The report provides more evidence about the beneficial effects of chocolate, particularly the dark variety that’s rich in cocoa and potentially protective compounds called flavanols, said Buijsse, a nutritional epidemiologist at the German Institute of Human Nutrition in Nuthetal. Chocolate appeared to have a more powerful effect than fruit and vegetables, a mainstay of a healthy diet. Those who ate the most chocolate also consumed the fewest fruits and vegetables.

The findings shouldn’t be used as a license to binge on chocolate, which could lead to obesity and harm the heart, Buijsse said in a telephone interview.

http://www.businessweek.com/news/2010-03-30/daily-nibble-of-dark-chocolate-aids-middle-aged-hearts-in-study.html

 THIS BOOK IS “WORLD CLASS”…OUTSTANDING IN ITS FOCUS ON CAUSES AND “REASONS” FOR OBESITY…BECAUSE THAT IS WHAT IT COMES DOWN TO…BUBBAS DON’T REASON WHEN IT COMES TO APPETITE AND EATING…THEY EAT WHATEVER IS AVAILABLE…THIS IS A MUST READ….

“…all studies agreed on five things that influence our eating behavior: hunger, the availability of food, the variety of food, the familiarity of food and how rich or calorie-dense the food is…”

“…Roberts says one contributor to obesity is the wide variety of foods available today. Choice is a problem for many of us because we instinctively eat until we’ve satisfied ourselves with each individual food rather than with the meal overall.”

“The ‘I’ Diet” is a diet book with a difference. Like many other books in the weight-loss genre, it features eating plans, nutritional advice and recipes. But the new paperback — previously published in 2008 as “The Instinct Diet” and updated with new material — offers something more: practical strategies for changing eating habits.

” ‘I’ Diet” author Susan B. Roberts is a professor of nutrition and of psychiatry at Boston’s Tufts University, where she focuses on obesity. She says that after writing nearly 200 research papers and reading several thousand by other scientists, she decided that all studies agreed on five things that influence our eating behavior: hunger, the availability of food, the variety of food, the familiarity of food and how rich or calorie-dense the food is.

Roberts’ book, written with Betty Kelly Sargent, addresses these variables to help dieters shed pounds and develop a healthier relationship to food. She’s tested her plan on volunteers in her Tufts weight-loss lab and others. She promises that her program drops weight faster with less hunger than other plans, eliminates dieting plateaus and cuts cravings — and will result in permanent weight control.

These are hefty claims, but her approach has plenty of influential fans. The new book includes favorable reviews and endorsements from former Food and Drug Administration Commissioner David Kessler, New York Times personal health writer Jane Brody and a slew of academics in the nutrition and medical fields, as well as Harvard’s Henry Louis Gates Jr., who lost 30 pounds on her diet while eating out five nights a week.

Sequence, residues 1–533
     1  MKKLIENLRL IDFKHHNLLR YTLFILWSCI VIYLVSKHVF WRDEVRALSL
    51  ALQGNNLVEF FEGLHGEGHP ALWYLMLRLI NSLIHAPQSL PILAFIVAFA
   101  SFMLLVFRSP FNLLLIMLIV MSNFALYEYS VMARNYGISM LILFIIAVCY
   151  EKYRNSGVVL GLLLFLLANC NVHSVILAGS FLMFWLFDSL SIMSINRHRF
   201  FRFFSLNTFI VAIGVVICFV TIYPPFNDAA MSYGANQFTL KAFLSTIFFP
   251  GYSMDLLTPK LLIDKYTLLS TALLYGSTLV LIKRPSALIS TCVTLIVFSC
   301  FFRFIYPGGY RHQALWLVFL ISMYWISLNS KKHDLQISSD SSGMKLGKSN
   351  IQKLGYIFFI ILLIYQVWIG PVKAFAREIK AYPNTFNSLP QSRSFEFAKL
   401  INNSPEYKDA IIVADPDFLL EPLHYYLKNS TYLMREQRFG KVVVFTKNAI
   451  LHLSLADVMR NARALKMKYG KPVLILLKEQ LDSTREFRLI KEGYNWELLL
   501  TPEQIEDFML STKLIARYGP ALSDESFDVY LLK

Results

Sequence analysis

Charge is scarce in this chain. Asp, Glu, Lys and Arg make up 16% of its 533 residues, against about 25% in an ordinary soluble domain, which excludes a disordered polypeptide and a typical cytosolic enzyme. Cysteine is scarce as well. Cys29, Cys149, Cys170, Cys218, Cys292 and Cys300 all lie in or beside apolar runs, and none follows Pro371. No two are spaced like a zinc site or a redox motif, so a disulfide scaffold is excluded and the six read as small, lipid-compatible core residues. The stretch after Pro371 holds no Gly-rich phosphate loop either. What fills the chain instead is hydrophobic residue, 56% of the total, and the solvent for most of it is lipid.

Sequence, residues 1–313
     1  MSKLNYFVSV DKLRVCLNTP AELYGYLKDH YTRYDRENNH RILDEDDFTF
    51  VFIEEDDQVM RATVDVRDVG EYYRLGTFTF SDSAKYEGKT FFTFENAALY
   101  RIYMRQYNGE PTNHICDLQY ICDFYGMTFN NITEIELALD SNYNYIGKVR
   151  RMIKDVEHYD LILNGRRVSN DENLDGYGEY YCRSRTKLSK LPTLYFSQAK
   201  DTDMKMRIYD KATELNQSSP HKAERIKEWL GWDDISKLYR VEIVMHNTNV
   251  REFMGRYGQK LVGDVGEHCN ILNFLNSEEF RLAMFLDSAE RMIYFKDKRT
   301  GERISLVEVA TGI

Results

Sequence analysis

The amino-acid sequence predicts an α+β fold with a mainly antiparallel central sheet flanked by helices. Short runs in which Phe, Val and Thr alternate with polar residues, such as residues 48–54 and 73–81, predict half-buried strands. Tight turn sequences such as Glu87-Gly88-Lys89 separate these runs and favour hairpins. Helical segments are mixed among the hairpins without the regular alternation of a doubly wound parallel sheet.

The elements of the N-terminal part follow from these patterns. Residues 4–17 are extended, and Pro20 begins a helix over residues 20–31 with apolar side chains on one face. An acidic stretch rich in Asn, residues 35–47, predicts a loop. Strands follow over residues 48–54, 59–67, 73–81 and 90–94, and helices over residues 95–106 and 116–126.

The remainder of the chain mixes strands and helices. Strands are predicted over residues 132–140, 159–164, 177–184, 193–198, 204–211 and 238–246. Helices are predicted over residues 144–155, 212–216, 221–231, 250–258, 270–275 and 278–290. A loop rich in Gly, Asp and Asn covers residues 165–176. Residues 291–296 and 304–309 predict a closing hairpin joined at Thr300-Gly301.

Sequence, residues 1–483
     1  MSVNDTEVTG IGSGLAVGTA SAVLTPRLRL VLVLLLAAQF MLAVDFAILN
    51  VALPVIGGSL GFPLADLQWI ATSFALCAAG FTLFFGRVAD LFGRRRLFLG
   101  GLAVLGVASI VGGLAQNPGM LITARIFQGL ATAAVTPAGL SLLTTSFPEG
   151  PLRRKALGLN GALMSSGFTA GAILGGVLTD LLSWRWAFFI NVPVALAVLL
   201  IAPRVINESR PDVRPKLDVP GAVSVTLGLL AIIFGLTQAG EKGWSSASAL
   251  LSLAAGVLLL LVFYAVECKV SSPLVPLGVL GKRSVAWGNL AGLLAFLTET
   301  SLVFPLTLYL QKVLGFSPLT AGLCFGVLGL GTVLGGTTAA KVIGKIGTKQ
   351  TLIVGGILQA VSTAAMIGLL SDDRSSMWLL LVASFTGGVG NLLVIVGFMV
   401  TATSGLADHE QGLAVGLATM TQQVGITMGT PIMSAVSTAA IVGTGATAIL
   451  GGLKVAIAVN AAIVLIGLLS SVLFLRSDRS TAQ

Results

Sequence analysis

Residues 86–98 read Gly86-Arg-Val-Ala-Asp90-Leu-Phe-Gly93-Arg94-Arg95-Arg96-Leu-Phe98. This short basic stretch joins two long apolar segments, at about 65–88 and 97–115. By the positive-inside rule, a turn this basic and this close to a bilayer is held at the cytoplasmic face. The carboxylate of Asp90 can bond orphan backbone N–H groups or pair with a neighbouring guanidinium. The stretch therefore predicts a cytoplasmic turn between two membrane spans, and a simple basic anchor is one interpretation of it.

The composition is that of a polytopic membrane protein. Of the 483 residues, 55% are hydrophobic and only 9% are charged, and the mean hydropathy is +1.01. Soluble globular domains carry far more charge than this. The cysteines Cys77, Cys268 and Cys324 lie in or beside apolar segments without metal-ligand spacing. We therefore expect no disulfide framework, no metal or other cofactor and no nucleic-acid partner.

http://latimesblogs.latimes.com/booster_shots/2010/03/book-review-the-i-diet-by-susan-b-roberts-and-betty-kelly-sargent.html

THE CHRONICALLY OVERWEIGHT (AND LAZY) WILL ALWAYS BE TEMPTED AND TEASED BY THE THOUGHT OF A “PILL” WHICH WILL MAKE THE POUNDS MELT AWAY…AND WILL NEVER CHANGE THEIR LIFESTYLE AND DIET REGIMENS TO LOSE WEIGHT THE “OLD-FASHIONED WAY”….

“The ideal candidate should not already be on a diet but eat a healthy balance of carbohydrates, fats and proteins and be prepared to increase their existing calorie intake by 16 per cent a week by eating fatty foods such as Chinese takeaways, fish and chips, pizza or McDonalds.

The spokesman said the tester would help the company’s medical experts learn more about the health benefits of taking Proactol – which it is claimed absorbs up to 30 per cent of fat intake.

After an initial in-house monitoring period the ‘couch potato’ will be given the opportunity to work from home – with supplies being delivered to their door.

A company is advertising for a couch potato to do nothing and eat more.

It will pay almost £24,000 to a “worker” with a big appetite who is happy to eat 400 extra calories every day in high fat meals such as chips and pizzas, to test the fat binding properties of a weight loss product.

The position is open to men and women and the successful applicant will have their calorific intake and weight closely monitored by medics.

A spokesman for the firm Proactol Ltd said that while their fat binder was already clinically proven, they wanted to test it in the real world.

The job ad, which has already gone up in UK job centres, reads: “We know it’s incredible, but it’s true.

“We are willing to pay you £23,750 a year to continue doing EXACTLY what you do every single day, and all we ask in return is that you eat 16 per cent more calories a week – or 400 more calories a day – whilst introducing Proactol into your diet.

http://www.telegraph.co.uk/science/science-news/7443123/Professional-couch-potato-wanted-get-paid-to-do-nothing-and-eat-more-junk-food.html

REDUCED CALORIE DIETS…THAT IS THE KEY…ALTHOUGH FOUR PACKS RECOMMENDS A SHORT TERM RAPID WEIGHT LOSS REGIMEN WHICH WOULD BE A VERY LOW CARBOHYDRATE, HIGHER PROTEIN (BY VIRTUE OF PROTEIN BEING A  HIGH PERCENTAGE OF THE TOTAL CALORIES) DIET WHERE TOTAL CALORIES WOULD REMAIN BELOW 1200 PER DAY….